We had therefore decided the materials with which we would work. But we still lacked the original drawings. […] With the intention that he wouldn’t feel excessively pressurised, I kept him up-to-date with everything. I visited him every month and spoke to him on the phone weekly. […] Meanwhile the works of the building advanced, and soon we would reach the stage of the finishing works. Everything was ready for the murals to begin.
One day, when saying goodbye to Picasso and Jacqueline at “La Californie”, I dared to say to him that we couldn’t delay it any more. “Pray to Our Father that I do it”, Picasso responded to me. Just a few days later, on the 18th October 1960 at eleven o’clock at night, he telephoned me to say that the drawings were ready. […]
On showing me the drawings, Picasso mentioned the willingness for synthesis and the effort of simplicity that they represented. «This – he concluded literally – I wouldn’t have been able to do before.» And, effectively, the drawings had much more wisdom and depth than they seemed to have at first sight.
The moment had therefore arrived to begin the definitive works. […] The reproduction of the drawings was done in two phases.
It was first necessary to reproduce fragments of the originals in paper, enlarging them until the definitive size was obtained. The drawings were photographed on slides. And these were projected on paper, and Carl Nesjar retraced the drawing with a paintbrush. So as to do the enlargement to the size that the friezes presented it was necessary to project the slides from more than 10 metres away. [..] Once the drawing on paper was passed to the natural scale, the paint strokes were followed by perforating them with a punch.
Left side of the building facade
The second phase of the reproduction took place in the College itself. The painted papers were fixed on the recently unpacked concrete panels. Carl Nesjar, with a small canvas bag full of graphite dust followed and hit the perforated tracing of the drawing. The graphite passed through the holes of the paper and marked the lines on the concrete. Once the paper was taken off, looking at a photograph of the originals, Nesjar went over the lines with a crayon and marked with arrows the direction which the sand should be blasted, with the aim of exactly reproducing the different intensities of the lines of the drawing of Picasso.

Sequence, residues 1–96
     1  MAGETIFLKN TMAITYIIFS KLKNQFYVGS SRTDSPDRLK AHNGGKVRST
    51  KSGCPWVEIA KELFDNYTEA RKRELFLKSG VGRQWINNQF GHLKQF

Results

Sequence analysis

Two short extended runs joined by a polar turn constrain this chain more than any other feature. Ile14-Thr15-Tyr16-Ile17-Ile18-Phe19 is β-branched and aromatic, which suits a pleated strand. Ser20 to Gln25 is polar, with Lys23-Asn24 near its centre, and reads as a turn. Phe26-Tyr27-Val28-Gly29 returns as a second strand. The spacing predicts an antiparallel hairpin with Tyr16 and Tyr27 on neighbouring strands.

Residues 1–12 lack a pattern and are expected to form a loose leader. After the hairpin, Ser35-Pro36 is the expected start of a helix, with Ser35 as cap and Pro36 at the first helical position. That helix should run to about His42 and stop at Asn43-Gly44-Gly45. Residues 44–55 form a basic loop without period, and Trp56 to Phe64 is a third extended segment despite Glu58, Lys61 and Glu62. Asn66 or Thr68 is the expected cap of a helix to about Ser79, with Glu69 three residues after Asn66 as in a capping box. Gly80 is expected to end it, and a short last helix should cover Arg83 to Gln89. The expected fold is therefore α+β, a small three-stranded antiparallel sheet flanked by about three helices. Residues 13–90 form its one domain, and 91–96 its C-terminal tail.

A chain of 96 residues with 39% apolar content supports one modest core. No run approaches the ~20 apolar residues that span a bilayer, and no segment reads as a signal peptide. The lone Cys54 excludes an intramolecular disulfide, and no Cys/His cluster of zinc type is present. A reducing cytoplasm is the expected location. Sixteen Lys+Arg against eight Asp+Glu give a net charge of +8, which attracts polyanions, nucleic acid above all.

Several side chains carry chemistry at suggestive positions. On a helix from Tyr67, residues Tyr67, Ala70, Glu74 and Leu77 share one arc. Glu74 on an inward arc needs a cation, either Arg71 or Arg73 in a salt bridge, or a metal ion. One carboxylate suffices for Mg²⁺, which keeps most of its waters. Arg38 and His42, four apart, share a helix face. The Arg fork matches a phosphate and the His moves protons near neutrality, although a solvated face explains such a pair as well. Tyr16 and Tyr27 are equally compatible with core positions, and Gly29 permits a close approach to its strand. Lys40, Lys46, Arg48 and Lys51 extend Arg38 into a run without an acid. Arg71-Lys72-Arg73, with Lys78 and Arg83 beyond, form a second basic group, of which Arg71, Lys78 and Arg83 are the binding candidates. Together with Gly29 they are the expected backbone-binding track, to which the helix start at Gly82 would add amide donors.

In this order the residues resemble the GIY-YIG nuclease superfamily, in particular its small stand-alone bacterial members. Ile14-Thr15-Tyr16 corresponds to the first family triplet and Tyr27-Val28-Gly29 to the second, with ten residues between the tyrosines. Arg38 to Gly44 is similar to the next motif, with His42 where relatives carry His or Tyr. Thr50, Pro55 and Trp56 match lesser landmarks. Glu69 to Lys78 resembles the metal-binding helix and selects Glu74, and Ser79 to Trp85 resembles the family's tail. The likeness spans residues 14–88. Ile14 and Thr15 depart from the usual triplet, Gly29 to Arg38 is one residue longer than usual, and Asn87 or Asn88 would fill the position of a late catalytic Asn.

Finally, the time arrived for blasting the sand following the marks and uncovering the black stones inside the concrete. […] The sand and mortar created a formidable cloud of dust. To avoid this as far as possible, large fans were used to project the dust into a curtain soaked in water. […] The process required the removal of the mortar with great care, repeatedly consulting the photographs of the originals, so as not to make the lines too thick.
Having spread the word that the decoration of the exterior panels of the College was produced from original drawings by Picasso, there were various artists who would have wanted to contribute their knowledge to the decoration of the interiors. For the two wall panels of the foyer, the prolongation of the lecture hall, I had thought of Joan Miró. I commented this possibility to Picasso. The reaction was fast and cutting: “I’ll do them for you, the ones of Miró!”, he said to me.
He did them with surprising speed.”
Entry speech of the Illustrious Elect Academic. Mr. Xavier Busquets i Sindreu
Read in the Lecture Hall of the Academy on the 9th December 1987
To find out more
Bassegona Nonell, Juan. Una gran obra de Picasso a Barcelona. Els esgrafiats del Col·legi d’Arquitectes de Barcelona. Barcelona: Amics de Gaudí, 2009.
Cirici-Pellicer, Alexandre. Esgrafiados de Picasso. Barcelona: Col·legi Oficial d’Arquitectes,
Fairweather, Sally. Picasso’s concrete sculptures. New York: Hudson Hills Press, 1982.